January 28, 2023

Wire Service Canada

Complete Canadian News World

Fuel, this is how the price is formed at the pump

The issue of expensive fuel has resurfaced in recent weeks after alarms over alleged speculative price maneuvers in the wake of the government’s decision to halt production tariff cuts decided by the former executive. But what exactly are we paying for when we refuel our car at the gas station? To answer the question, it is useful to start from the most recent prices photographed by the Ministry of the Environment and Energy Security which records the weighted average of the prices applied by companies each week: between January 1 and January 8, petrol in self-service mode from 1.644 euros to 1.812 euros per liter with an increase of 16.8 cents, while the diesel price increased from 1,708 euros to 1,868 euros, an increase of 16 cents.

fuel price structure

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major cost components

So let’s start with petrol and the value depicted by Mase: this bar, which equals 1.812 euros, consists of 58% of the tax component (VAT and excise duty) and the remaining 42% of the industrial price. The industrial price includes all costs associated with raw materials (equal to 0.548 €), plus costs for the structure (logistical, commercial and administrative), plus the manager’s margins. This last piece thus includes distribution chain revenue which often ends up in the dock as the main culprit for price hikes at the pump.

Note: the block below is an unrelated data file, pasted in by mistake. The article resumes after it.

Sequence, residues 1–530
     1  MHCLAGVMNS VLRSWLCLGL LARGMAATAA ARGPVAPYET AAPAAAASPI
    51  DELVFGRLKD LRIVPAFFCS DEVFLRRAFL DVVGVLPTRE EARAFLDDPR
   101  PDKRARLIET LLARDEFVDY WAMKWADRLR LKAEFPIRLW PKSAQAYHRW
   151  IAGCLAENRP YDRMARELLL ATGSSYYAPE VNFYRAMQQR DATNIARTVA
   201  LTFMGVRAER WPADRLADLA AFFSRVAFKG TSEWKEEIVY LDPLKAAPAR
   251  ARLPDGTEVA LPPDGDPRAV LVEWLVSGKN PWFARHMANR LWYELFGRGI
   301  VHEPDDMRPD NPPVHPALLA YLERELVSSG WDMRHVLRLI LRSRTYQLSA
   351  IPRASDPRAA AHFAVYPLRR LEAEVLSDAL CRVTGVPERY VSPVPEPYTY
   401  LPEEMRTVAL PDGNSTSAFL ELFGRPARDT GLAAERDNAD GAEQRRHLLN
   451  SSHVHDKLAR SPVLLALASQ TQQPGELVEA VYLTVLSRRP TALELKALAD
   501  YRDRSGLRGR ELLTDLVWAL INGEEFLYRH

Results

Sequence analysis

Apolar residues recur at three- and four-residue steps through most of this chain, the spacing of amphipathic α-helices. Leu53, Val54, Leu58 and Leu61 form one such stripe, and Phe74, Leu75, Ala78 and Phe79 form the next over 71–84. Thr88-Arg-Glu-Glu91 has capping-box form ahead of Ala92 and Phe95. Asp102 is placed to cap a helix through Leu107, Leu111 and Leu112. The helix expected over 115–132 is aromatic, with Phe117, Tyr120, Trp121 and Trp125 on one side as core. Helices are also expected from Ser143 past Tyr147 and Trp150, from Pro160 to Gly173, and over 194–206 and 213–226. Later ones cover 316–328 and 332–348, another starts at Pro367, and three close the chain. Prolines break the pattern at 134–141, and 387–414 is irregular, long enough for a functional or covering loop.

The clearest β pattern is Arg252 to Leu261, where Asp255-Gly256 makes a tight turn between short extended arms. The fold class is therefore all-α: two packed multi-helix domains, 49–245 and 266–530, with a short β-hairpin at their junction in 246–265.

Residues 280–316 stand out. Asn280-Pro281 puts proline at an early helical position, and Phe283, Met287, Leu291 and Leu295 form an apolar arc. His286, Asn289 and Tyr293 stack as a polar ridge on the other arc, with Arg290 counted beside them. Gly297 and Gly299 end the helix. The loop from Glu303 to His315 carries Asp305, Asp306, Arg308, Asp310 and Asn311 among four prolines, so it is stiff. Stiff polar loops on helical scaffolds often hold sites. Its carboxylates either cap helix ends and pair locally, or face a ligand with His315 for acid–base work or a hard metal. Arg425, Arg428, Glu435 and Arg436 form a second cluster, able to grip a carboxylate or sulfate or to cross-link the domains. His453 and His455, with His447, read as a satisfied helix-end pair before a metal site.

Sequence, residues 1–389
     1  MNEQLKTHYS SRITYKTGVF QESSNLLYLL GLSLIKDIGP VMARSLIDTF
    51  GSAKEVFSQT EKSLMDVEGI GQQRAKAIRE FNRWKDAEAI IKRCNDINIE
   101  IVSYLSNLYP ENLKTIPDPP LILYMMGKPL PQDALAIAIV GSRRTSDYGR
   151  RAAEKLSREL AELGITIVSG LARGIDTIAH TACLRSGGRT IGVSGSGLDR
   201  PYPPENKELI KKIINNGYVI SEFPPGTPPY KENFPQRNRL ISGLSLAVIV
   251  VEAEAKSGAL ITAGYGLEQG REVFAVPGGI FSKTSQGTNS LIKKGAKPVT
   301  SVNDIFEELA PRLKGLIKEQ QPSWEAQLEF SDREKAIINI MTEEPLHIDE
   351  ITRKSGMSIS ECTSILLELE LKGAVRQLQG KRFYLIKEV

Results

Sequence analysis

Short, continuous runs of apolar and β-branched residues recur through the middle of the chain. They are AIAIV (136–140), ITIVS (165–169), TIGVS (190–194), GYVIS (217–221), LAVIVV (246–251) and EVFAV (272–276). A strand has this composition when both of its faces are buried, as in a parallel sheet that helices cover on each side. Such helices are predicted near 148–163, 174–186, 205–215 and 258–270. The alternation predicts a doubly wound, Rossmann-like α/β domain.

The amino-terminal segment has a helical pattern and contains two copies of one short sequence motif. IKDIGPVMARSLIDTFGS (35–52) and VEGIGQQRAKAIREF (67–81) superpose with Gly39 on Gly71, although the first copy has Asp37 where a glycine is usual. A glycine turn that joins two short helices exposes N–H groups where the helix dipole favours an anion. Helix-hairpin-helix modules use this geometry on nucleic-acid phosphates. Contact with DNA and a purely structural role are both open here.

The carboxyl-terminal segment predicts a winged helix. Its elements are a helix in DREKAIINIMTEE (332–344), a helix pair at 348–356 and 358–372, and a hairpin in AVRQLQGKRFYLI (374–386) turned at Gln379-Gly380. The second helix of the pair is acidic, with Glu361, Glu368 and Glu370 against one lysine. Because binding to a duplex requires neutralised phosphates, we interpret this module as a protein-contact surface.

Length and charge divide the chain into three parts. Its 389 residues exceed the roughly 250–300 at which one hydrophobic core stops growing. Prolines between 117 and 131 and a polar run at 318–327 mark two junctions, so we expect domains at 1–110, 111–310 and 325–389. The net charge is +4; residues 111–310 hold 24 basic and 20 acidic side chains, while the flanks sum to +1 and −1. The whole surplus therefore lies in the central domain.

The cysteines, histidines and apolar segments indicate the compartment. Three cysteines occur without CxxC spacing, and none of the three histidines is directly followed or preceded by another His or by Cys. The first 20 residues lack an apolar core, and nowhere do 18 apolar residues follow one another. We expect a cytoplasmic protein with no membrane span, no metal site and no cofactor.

Weekly fuel prices

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Managers gross margin

Gross margin is used to cover all primary and secondary distribution costs, but also other fees, such as taxes and fees. And in this last part, which represents just under 12% of the total amount paid at the pump by motorists for petrol and about 8% for diesel, the operator can intervene to change the price. While on raw materials, it equals 30% of the total cost for petrol and 41% for diesel, international price quotations and the law of the effect of the euro/dollar exchange.

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international quotations

The fuel benchmark is in fact the international prices for refined products (the so-called Platts SafeMed), which are valued at the euro/dollar exchange rate of the reference day. So, if the relationship is biased towards the US currency, this ends up affecting the price. From the end of November until today, the Platts petrol price has fallen by around 6 euro cents per litre, a decline more than absorbed by industrial prices which have in turn fallen by 12 cents. While, on the diesel front, the index shrank by 4 cents, and industrial prices fell by 14 cents downstream. This reduction essentially made it possible to counteract the first reduction in the fuel rebate that was decided by the government at the end of November.

The effect of management costs on highway prices

As for the prices noted on the motorway network, which are on average higher, it must be borne in mind that the lifts operate 24 hours a day. Thus, the management costs that are reflected in the industrial price are higher, plus there are royalties to be paid to the divisional franchisor. However, peaks of €2.5 per litre, reported by consumer associations, represent isolated cases rather than the reality of the market.